Day and night the fire burned. Day and night the sacrifices were being consumed by the flames. God's wrath is never satisfied except by blood atonement. The reason that unbelievers will spend eternity in the fires of God's wrath in Hell is because their sins remain un-atoned for. But, God's altar was always ready for the repentant sinner. God never turned anyone away who freely came. God was always ready to receive those who would come to Him in repentance and faith, confessing their sins. As it was at the brazen altar, so it is at the Cross.
Justification By Faith - The Great Exchange Completed
All of this which we see at the brazen altar speaks to us of the grace of justification by faith. It speaks of the grace of God in declaring a sinner righteous because his sins have been imputed to Another who has atoned for them. The Apostle Paul speaks of this in the familiar words of 2 Corinthians 5:21 - "He who knew no sin" - Jesus Christ - "became sin for us, that we might be made the righteousness of God in Him." The great exchange. Our sins for Christ's righteousness. Our filthy rags for Christ's royal robe.
Sinners are only declared forgiven because their sins have been imputed to the perfect substitute, the Lord Jesus Christ. But the imputation of sin to a substitute is only one side of the transaction. The brazen altar of the Old Testament tabernacle could not provide the other side of the transaction. The brazen altar could not provide double imputation. The earthly priest had no righteousness to impart to the sinner. The animal sacrificed possessed no righteousness to impart to the sinner.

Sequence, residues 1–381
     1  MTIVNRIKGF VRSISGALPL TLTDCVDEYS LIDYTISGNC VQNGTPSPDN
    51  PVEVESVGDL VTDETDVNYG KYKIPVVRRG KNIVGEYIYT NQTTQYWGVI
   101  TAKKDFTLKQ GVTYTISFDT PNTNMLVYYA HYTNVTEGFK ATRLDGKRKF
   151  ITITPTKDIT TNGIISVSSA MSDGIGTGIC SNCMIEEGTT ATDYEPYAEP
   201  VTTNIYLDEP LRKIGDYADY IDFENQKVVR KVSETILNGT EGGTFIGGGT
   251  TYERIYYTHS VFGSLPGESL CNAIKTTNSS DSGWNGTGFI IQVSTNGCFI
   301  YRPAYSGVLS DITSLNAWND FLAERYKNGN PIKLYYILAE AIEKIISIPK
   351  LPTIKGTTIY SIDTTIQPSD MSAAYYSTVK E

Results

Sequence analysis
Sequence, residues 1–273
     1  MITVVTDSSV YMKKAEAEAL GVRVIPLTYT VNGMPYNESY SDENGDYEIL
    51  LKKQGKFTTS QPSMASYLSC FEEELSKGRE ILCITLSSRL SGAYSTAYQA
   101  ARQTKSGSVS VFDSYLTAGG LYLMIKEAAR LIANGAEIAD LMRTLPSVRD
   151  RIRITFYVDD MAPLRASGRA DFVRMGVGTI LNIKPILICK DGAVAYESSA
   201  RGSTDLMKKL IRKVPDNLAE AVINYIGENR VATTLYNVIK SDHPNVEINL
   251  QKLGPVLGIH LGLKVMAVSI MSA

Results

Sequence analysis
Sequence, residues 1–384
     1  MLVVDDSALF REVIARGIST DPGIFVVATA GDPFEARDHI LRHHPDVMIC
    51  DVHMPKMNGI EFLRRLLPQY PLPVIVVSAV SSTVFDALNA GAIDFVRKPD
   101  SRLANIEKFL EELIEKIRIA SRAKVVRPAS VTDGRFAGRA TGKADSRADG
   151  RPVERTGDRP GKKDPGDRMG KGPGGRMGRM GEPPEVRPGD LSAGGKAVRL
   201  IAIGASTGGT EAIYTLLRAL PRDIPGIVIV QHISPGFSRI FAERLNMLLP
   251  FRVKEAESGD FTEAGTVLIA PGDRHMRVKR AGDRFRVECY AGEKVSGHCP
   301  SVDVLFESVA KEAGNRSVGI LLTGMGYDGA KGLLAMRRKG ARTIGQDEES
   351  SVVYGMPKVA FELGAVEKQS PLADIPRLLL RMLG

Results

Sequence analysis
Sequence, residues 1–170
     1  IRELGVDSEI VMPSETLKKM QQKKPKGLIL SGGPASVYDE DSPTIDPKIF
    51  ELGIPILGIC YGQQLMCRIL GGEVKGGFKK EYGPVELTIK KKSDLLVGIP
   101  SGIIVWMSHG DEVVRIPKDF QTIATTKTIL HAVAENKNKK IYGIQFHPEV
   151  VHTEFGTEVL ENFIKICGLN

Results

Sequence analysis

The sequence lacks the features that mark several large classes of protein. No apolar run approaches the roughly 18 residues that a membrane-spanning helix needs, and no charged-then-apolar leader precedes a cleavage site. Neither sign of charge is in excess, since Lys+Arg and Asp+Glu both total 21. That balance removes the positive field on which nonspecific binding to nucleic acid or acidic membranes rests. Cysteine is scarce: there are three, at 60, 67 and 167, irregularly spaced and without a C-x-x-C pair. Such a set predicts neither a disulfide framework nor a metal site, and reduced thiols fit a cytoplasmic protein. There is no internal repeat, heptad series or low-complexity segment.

But in the perfection of the fulfillment of the type of the brazen altar, at the Cross, we have that second part of the transaction. We have the great exchange completed. Not only are our sins imputed to the perfect Lamb of God. The righteousness of the perfect High Priest is also imputed to us. This is the great truth of double imputation. Our burden of sin is imputed to Christ, His perfect righteousness is imputed to us, so that we stand before God the Father, as Isaiah 61:10 tells us, clothed in the robe of the righteousness of Christ.
It is a righteousness that is not our own (Philippians 3:9). It is the righteousness of Another. It is not a righteousness that we have in any way earned or deserved, but a righteousness that is freely imputed to us, once for all, by a gracious and merciful God. This is the significance of the brazen altar. This is the shadow that is fulfilled by the substance of Christ on the Cross.
And thus He cried out from the Cross - that great triumphal cry - "It is finished!" In the Greek, tetelestai - "It is paid in full!"